Knowing definitively that a consumer has given consent to be contacted is a must. Ted Todd Insurance is a multi-office agency in Florida which generates leads on its own website and buys online leads from third party lead generators. They assure TCPA compliance by using a SaaS-based solution to track and verify consumer consent.

CEO Charley Todd says, "the technology tracks and assures the existence of the consumer’s consent, delivering a positive first experience for every new customer, and provides persuasive evidence in the event of a consumer complaint or lawsuit."

 

Analyze the right data

With the overabundance of data that insurance brands have, from internal and external sources, it is not always easy to make sense of it all. Even with a sophisticated data science and analytics program, the key is getting access to the right data at the right time, to help optimize your marketing programs.

In the case of customer acquisition, that begins with having access to data that you can  use to help score, prioritize and route higher-performing leads. By knowing the origin and history of your leads, you’ll be able to mitigate TCPA compliance risk and prioritize selection of and engagement with higher-intent consumers.

The majority of the top ten insurance companies in the United States are doing just that — connecting the dots and using sophisticated technology and data — to gain real-time intelligence into the origin, history and intent of the leads they are acquiring. Such solutions enable insurance companies and agents to follow consumers in real time on their buying journeys until the end when consumers purchase a policy, helping insurers observe and access behavioral data which they can use to analyze the intent of the consumer.

When marketers gain the ability to identify and take action on consumer behavioral data, buying low-intent leads is no longer part of the "cost of doing business" in lead management and analysis. Brands that leverage these insights gain efficiencies and can better focus their precious time and budgets on productive leads.

 

Optimize lead acquisition and marketing

In implementing technology solutions, here are five tips to supercharge your lead generation.

  1. Know the age of your leads. If you’re measuring speed-to-lead from the moment you received a lead post, you are missing a key data point. It’s not about when you received the lead, but rather when the consumer actually submitted the inquiry.
  1. Be proactive in avoiding fraudulent leads and those that are not TCPA compliant. Consumers who didn’t fill out the form or who filled it out six months ago have no intent to buy from you. Also, these leads put you at risk for TCPA complaints. Only purchase leads that are TCPA compliant. You don’t want to damage your brand and reputation, or take on the costs if you are sued by a consumer. You need a vendor who can help you identify, in real-time, that your leads are compliant and provide persuasive proof that a consumer gave consent to be contacted.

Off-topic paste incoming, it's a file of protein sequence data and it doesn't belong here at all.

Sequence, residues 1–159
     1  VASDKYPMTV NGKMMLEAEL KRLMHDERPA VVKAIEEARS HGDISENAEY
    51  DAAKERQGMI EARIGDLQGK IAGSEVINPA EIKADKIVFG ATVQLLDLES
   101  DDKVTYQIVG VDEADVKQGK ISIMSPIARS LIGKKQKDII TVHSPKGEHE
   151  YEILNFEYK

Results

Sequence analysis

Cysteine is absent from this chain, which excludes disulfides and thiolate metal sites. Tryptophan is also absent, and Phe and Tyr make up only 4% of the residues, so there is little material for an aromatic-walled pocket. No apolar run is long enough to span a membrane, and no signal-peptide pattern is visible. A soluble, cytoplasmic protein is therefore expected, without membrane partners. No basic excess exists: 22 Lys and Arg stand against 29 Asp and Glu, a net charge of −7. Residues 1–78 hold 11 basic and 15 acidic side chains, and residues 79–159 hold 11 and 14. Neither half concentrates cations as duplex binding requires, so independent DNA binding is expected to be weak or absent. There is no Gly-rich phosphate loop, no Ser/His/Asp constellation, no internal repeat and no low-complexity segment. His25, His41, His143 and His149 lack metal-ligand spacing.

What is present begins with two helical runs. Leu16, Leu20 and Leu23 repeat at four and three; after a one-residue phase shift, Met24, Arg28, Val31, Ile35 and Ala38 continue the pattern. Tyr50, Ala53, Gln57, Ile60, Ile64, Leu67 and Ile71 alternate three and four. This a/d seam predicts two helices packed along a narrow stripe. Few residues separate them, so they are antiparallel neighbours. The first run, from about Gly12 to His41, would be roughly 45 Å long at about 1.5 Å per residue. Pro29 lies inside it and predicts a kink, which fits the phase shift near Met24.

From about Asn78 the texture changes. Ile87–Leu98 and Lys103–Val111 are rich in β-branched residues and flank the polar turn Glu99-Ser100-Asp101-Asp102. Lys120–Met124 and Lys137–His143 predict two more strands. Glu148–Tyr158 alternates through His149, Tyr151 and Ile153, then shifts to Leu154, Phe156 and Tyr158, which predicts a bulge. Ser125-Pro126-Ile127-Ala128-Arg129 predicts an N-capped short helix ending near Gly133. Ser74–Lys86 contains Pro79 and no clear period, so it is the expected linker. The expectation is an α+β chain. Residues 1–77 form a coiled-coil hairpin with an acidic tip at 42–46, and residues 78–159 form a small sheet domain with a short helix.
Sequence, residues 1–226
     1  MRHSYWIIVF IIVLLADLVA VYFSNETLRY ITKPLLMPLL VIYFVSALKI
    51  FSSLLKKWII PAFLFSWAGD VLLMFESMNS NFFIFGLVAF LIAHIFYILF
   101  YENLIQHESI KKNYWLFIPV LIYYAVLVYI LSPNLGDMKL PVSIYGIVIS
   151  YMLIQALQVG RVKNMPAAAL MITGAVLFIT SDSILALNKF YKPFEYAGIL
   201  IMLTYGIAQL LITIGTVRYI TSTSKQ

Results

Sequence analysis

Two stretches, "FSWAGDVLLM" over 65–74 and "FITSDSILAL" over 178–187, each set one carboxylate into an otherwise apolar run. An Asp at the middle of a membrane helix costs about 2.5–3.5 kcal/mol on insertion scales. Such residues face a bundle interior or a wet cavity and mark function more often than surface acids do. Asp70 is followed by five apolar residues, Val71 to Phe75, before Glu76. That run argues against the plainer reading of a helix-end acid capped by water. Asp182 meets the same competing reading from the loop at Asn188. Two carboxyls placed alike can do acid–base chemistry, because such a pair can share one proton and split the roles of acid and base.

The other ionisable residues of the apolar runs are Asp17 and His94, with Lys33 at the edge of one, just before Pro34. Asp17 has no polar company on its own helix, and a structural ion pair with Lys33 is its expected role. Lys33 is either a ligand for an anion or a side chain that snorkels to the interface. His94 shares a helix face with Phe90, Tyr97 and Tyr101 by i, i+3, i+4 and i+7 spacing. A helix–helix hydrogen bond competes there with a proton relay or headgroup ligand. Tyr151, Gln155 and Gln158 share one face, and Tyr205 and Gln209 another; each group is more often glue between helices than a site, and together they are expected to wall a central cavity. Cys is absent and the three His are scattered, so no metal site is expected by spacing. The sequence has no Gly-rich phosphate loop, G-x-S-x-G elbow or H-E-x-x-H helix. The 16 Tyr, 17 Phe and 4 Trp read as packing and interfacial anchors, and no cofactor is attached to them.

1. Don’t get dupedMany marketers assume that a duplicate is the result of recycled data. They think that the same consumer means it is the same inquiry. In fact, it could very likely be the same consumer with a brand new inquiry, which is actually indicative of a high-intent consumer. Know the difference.
  1. Understand if leads are shared vs. exclusive. Know if your leads are being shared with some of your competitors. If they are, you need to determine how many other competitors that lead is being shared with and whether you are the first or last to receive it.
  1. Right price your leads. If you find a vendor who will help you identify low intent leads, you can reallocate that spend and pay more for higher intent leads. This is a key strategy to quickly and notably improve lead conversion.

 

You can read the original article here.

Source:

Pickles J. (9 October 2017). "Using data to identify high-intent consumers" [Web Blog Post]. Retrieved from address http://www.propertycasualty360.com/2017/10/09/using-data-to-identify-high-intent-consumers?ref=hp-news


HRL - White - House

4 Main Impacts of Yesterday's Executive Order

Yesterday, President Trump used his pen to set his sights on healthcare having completed the signing of an executive order after Congress failed to repeal ObamaCare.

Here’s a quick dig into some of what this order means and who might be impacted from yesterday's signing.

A Focus On Small Businesses

The executive order eases rules on small businesses banding together to buy health insurance, through what are known as association health plans, and lifts limits on short-term health insurance plans, according to an administration source. This includes directing the Department of Labor to "modernize" rules to allow small employers to create association health plans, the source said. Small businesses will be able to band together if they are within the same state, in the same "line of business," or are in the same trade association.

Skinny Plans

The executive order expands the availability of short-term insurance policies, which offer limited benefits meant as a bridge for people between jobs or young adults no longer eligible for their parents’ health plans. This extends the limited three-month rule under the Obama administration to now nearly a year.